Ted September 29, 2022 10:22 PM

I wish I was able to figure out how to view the more granular project data on my phone.

Project website: https://www.geodiff.app/

It’s funny though. I don’t know if I feel as alarmed by the data in the paper as I did by reading the article.

For example, it sounds menacing to think there might be different permissions for an app based on country. However, it’s hard for me to ascertain the basis, or the effects, of the differences. From the paper:

We found 127 apps that exhibit geodifferences in permissions requested. On average, the most frequently requested extra permissions are READ_EXTERNAL_STORAGE and READ_PHONE_STATE, both Dangerous, and RECEIVE_BOOT_COMPLETED, which is Normal.

I believe they tested about 5,385 apps on Google Play out of a total of 2 million.

All-in-all, though, it’s really impressive how the researchers were able to collect this data – for example by using VPNs, scrapers, etc. Anyone who may want to analyze this space in the future would definitely appreciate their ground-breaking ingenuity and meticulousness.

SpaceLifeForm September 30, 2022 2:47 AM

They get your ip address when you connect to download.

Just click here to download and install this app, we signed it. Trust us.

You can not sideload apps on iPhone.

Apple says no sideloading, that it is for your protection. You could get malware. So, you can only use their pre-approved and signed malware.

Same problem exists with Windows Update. You never know what you get.

Yes, you can maybe trust that the software binary came from the site that you think it is coming from because it is signed. Therefore they want you to think you should trust them. There are two main problems. First, you have to trust the vendor to not be malicious. That is a stretch. Second, because of the machinations possible on the internet, you have no good guarantee that where you think you are downloading the binary from is in fact, the actual vendor.

The best way is via open source.

Quantry October 5, 2022 12:56 PM

Since you know in advance you are a victim, the moment you take your iPhone or android out of your faraday bag, no matter what country or neighborhood yer from, I again obnoxiously repeat:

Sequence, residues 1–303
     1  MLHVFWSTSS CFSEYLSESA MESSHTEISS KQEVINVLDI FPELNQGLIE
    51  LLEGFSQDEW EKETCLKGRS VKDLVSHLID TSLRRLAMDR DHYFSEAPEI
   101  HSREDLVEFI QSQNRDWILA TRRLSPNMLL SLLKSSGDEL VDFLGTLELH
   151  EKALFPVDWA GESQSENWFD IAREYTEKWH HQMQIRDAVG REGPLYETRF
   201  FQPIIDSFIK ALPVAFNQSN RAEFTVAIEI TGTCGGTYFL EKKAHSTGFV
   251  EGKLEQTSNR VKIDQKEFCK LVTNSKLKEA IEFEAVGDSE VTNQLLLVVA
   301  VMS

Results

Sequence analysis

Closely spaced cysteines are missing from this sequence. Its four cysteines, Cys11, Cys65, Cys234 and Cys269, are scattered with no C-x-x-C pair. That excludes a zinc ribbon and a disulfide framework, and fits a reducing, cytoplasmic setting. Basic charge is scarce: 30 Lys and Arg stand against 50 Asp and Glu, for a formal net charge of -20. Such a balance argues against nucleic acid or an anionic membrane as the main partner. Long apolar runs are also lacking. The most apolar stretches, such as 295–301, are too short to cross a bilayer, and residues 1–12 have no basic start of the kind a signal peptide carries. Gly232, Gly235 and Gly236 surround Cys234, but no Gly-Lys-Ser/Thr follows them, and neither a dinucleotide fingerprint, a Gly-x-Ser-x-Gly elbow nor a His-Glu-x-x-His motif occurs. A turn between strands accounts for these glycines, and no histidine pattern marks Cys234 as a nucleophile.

Time to advance ideas like those from these people:

‘https://www.ssi.gouv.fr/en/publication/should-quantum-key-distribution-be-used-for-secure-communications/

and “utilize VPN, SSH and HTTP Proxy technology”, so these people claim
‘https://psiphon.ca/

Clive Robinson October 5, 2022 2:52 PM

@ Quantry, ALL,

Re Quantum Key Distribution (QKD)

“Time to advance ideas like those from these people”

Move them forward certainly but QKD is a very very long way technically from being “close to Prime Time”.

I know this sounds odd, but QKD has the same problem “monorail” and thus “mag-lev” trains had. That is you were confined to a track and points for switching were never more than a pipe-dream on the ability to solve it.

The security of QKD relies quite a bit on the physical properties of the communications channel. This is not to much of a problem with a single monofiliment. But the minute you try switching a photon from one filement to another much of your security guarenties are not there any longer.

The other problem is still that all communications channels have losses or “signal antenuation with distance”. In most cases this is not a problem you just turn up the energy going into the channel. You can not do this with QKD and still have the security guarenties, so range is limited.

There is however research into amplifing single photons by transposing their state (think teleportation). If this pays off then both the switching and range limit issues will be eased.

The thing is that it appears “to be all quiet on the western front” with a lot of the research.

Generally there can be two reasons for this,

1, The field is not good for your career.
2, Things are getting close to real money earning time, thus has become “industrial secrets”.

Which it is, if even either I can not say, as I’ve not had reason to keep up with things this past three years. So I’ve not been actively digging for information.